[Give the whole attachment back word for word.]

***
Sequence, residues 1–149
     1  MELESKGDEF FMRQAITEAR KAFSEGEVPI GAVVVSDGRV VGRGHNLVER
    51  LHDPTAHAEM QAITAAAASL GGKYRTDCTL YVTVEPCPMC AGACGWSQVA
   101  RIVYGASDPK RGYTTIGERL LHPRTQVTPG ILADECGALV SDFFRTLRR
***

Sequence, residues 1–149
     1  MELESKGDEF FMRQAITEAR KAFSEGEVPI GAVVVSDGRV VGRGHNLVER
    51  LHDPTAHAEM QAITAAAASL GGKYRTDCTL YVTVEPCPMC AGACGWSQVA
   101  RIVYGASDPK RGYTTIGERL LHPRTQVTPG ILADECGALV SDFFRTLRR